Smoking and Asthma Don't Mix
One of the major triggers for asthma attacks is cigarette smoke. Cigarette, pipe or cigar smoke is especially harmful to people with asthma because it damages the cells in the lungs that make the protective coating lining the bronchial tubes. Without their first line of defense, the tubes become more irritated and inflamed, making an asthma attack more likely.
If you're a smoker with asthma, quitting smoking could save your life. Ask your health care provider to suggest the best method for you and stick with it.
Secondhand smoke is smoke given off by the burning end of a cigarette, pipe or cigar and the smoke exhaled from the lungs of smokers. Breathing secondhand smoke may cause asthma or an attack in those who already have asthma, the American Lung Association (ALA) says.
The airway's response to secondhand smoke is different from that caused by other asthma triggers, such as dust mites or pet dander, because the other triggers are allergens not irritants.
In addition to triggering an asthma attack, these are other effects of secondhand cigarette smoke:
Increases the frequency of attacks and your need for asthma medication
Makes your airways more sensitive to other triggers, such as pollen
Reduces your lung function
Makes your airways slow to heal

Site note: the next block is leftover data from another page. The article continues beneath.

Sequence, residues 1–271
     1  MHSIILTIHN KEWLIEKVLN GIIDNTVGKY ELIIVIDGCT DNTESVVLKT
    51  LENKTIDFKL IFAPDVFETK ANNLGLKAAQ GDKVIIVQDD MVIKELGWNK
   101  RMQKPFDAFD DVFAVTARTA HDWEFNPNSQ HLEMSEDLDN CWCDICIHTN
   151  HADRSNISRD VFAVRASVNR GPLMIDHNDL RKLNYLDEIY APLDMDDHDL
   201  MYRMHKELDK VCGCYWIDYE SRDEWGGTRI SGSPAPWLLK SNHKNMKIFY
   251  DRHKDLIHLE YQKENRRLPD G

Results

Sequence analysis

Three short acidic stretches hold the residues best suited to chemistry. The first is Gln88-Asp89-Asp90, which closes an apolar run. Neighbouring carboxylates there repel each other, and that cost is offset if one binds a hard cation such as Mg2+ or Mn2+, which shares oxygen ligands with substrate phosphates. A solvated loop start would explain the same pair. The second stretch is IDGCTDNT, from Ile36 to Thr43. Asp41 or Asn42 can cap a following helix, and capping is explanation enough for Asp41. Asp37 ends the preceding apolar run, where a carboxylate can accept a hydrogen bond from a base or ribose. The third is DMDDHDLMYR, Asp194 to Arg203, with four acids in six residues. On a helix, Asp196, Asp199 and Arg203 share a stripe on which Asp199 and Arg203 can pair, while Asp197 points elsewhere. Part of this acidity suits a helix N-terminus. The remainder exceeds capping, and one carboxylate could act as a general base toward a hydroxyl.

Children and secondhand smoke
Children with asthma who live in homes with smokers have more wheezing, need more medications and make more trips to the emergency room than other youngsters with asthma.
Children are more vulnerable to the effects of secondhand smoke because they are still developing physically, and they have a faster respiratory rate than adults, according to the Environmental Protection Agency (EPA). Children also are not able to control their home environment.
Pregnant women and smoke
Pregnant women should avoid secondhand smoke and kick the habit if they smoke. Tobacco chemicals in a mother's bloodstream damage a fetus' developing lungs. Infants born to smoking mothers may have trouble breathing and will be more susceptible to respiratory illnesses and asthma later in life.
These are other suggestions from the ALA:
Don't allow guests to smoke in your house or around your children.
Don't allow smoking in your car.
Avoid bars and other smoky places.
Sit in nonsmoking areas at restaurants, or eat at smoke-free ones. If you know you are going to be in a smoky place, be sure to take along reliever medication.